- your symptoms don’t get better after treatment with over-the-counter anti-fungal vaginal creams or suppositories
- you have extreme itching, swelling, or redness
- you are in pain
- you’re not sure whether or not you have a yeast infection
To test for a yeast infection, your doctor will start by asking you questions about your medical history. Because recurring yeast infections are common, your doctor will likely want to know about any previous yeast infections you’ve had. Your physician may also ask you whether you’ve had any sexually transmitted diseases in the past.
Your doctor is likely to perform a pelvic exam. This will involve examining both the inside and outside of your vagina to look for symptoms.
Lastly, your doctor may take a swab of your vaginal fluids for testing. They will use the sample to try and identify the exact strain of fungus causing the infection. This may help your doctor to create a treatment plan that’s most effective for your yeast infection.
The treatment your doctor prescribes depends on the severity of your infection as well as how often you tend to get them. Yeast infections are most commonly treated with:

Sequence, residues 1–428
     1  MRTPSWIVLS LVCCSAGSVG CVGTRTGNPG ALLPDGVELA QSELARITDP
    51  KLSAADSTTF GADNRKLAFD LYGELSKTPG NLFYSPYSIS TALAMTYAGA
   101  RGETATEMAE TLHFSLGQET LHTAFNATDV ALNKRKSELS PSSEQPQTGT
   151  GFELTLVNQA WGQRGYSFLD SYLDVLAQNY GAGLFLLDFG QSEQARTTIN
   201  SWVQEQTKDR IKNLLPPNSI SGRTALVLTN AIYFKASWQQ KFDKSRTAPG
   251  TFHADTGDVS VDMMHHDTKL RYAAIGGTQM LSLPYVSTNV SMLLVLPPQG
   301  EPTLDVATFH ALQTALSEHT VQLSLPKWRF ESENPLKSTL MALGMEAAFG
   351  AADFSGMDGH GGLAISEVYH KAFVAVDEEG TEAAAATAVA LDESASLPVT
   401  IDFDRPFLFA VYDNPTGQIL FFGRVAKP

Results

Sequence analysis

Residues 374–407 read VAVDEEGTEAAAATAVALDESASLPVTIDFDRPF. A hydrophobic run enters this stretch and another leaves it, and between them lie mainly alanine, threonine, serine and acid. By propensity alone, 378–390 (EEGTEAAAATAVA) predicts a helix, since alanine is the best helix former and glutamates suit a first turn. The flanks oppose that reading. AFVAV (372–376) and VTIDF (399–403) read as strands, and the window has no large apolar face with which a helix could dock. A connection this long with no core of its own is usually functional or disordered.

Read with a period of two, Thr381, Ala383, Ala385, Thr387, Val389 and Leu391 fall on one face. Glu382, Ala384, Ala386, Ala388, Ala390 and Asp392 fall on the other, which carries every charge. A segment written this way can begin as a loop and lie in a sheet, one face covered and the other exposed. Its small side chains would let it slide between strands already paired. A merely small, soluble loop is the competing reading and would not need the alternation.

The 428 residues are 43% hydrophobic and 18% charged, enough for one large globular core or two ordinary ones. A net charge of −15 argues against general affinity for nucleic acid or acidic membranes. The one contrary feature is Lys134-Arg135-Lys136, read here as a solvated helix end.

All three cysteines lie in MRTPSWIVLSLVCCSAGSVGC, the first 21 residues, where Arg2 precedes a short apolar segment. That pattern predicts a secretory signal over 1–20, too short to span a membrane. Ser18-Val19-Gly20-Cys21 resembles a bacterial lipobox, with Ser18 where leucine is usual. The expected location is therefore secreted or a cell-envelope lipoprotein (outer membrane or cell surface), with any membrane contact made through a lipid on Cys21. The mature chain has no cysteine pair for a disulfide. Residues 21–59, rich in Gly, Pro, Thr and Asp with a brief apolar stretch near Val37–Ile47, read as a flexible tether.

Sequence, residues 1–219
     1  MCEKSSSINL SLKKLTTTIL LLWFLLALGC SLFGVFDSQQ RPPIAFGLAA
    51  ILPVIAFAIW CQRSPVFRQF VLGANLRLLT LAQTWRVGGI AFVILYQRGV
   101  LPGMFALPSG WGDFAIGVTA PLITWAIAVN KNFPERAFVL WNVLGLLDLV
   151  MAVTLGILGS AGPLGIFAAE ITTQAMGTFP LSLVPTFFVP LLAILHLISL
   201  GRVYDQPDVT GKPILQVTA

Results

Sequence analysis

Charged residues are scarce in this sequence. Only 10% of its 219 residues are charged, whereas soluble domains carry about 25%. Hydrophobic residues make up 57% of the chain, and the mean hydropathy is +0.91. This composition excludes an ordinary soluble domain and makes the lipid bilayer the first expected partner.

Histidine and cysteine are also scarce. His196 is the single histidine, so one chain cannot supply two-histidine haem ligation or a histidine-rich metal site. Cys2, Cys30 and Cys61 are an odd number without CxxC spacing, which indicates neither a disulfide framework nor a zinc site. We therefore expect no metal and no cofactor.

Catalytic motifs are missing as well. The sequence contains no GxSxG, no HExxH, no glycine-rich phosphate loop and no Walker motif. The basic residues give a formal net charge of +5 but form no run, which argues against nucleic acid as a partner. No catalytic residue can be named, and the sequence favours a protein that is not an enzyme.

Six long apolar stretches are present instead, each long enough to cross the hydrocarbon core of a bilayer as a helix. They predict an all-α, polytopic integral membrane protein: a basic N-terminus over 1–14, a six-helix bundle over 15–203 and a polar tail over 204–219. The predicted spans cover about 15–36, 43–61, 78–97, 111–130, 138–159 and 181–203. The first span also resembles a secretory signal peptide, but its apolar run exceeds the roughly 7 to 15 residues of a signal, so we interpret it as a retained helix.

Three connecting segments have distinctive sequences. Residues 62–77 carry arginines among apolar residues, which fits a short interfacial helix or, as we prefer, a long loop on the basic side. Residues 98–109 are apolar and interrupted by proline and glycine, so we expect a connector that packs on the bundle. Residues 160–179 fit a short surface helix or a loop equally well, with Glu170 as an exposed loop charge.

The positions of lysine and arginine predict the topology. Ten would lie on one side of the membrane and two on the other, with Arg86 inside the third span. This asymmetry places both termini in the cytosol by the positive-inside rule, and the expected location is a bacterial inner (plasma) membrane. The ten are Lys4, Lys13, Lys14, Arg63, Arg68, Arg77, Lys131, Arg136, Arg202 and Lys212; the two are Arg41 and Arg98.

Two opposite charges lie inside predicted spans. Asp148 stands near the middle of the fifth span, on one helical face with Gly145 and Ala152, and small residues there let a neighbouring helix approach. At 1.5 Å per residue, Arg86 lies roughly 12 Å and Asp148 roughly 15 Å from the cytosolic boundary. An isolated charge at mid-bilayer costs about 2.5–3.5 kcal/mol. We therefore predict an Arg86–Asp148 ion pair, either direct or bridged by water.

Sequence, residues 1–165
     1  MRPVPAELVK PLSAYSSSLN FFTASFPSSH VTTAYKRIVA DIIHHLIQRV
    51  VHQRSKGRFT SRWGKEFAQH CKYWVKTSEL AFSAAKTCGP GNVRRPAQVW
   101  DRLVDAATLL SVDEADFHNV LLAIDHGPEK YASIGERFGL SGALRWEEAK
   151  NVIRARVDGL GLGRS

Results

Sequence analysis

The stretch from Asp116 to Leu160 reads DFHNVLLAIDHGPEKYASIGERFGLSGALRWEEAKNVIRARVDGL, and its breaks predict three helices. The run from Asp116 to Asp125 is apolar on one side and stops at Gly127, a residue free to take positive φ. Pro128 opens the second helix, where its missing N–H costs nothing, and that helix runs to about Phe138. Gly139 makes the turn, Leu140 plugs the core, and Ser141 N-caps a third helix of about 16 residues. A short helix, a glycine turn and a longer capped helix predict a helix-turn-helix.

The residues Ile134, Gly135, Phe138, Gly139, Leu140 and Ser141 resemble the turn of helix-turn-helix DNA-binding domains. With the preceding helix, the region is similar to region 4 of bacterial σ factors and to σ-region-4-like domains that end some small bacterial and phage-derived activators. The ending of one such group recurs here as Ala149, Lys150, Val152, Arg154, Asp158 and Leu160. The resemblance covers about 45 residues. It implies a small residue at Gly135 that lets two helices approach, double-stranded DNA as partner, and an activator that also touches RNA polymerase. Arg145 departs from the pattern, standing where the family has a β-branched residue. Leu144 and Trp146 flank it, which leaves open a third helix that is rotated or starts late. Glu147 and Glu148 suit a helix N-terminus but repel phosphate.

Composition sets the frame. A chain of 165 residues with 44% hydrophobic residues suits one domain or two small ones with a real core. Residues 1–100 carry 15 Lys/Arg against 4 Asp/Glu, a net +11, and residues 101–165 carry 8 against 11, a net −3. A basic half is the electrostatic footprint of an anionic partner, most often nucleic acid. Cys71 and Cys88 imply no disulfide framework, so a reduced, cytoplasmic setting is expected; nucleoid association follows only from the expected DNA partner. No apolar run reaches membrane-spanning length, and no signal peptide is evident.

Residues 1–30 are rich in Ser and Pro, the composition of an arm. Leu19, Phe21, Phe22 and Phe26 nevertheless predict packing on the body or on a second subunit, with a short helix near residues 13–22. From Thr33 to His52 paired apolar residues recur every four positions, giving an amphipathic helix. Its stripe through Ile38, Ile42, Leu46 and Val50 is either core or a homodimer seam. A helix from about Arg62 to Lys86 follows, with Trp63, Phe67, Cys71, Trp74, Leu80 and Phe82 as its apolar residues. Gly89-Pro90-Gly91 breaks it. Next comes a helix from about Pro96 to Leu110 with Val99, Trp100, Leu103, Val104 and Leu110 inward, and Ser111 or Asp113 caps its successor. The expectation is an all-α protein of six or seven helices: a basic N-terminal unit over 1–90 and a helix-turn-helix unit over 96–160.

- a one-time dose of fluconazole (Diflucan), a triazole antifungal medication that stops Candida fungus from multiplying; pregnant women should not take fluconazole
- a short course of antifungal medication inserted into the vagina for three to seven days
- an over-the-counter cream, ointment, tablet or suppository medication like miconazole (Monistat 3) or terconazole; these are most effective for mild yeast infections
For recurring or severe yeast infections, your doctor may prescribe the following treatments:
- azole resident therapy, which involves inserting a boric acid capsule into your vagina (not to be taken orally); it’s used to treat yeast infections that do not respond to other antifungal medications
- a longer course of antifungal medication that involves inserting the medication into your vagina daily for up to two weeks, and then once a week for six months
- two single doses of fluconazole, taken three days apart
Be aware that if you use a cream or suppository to treat your yeast infection, you cannot depend on a condom or diaphragm for birth control. The oils in some medications can weaken latex, which is the material most commonly used in these contraceptive devices.
There are some simple home remedies that, when used in combination with your doctor’s treatment, may help to speed up your recovery.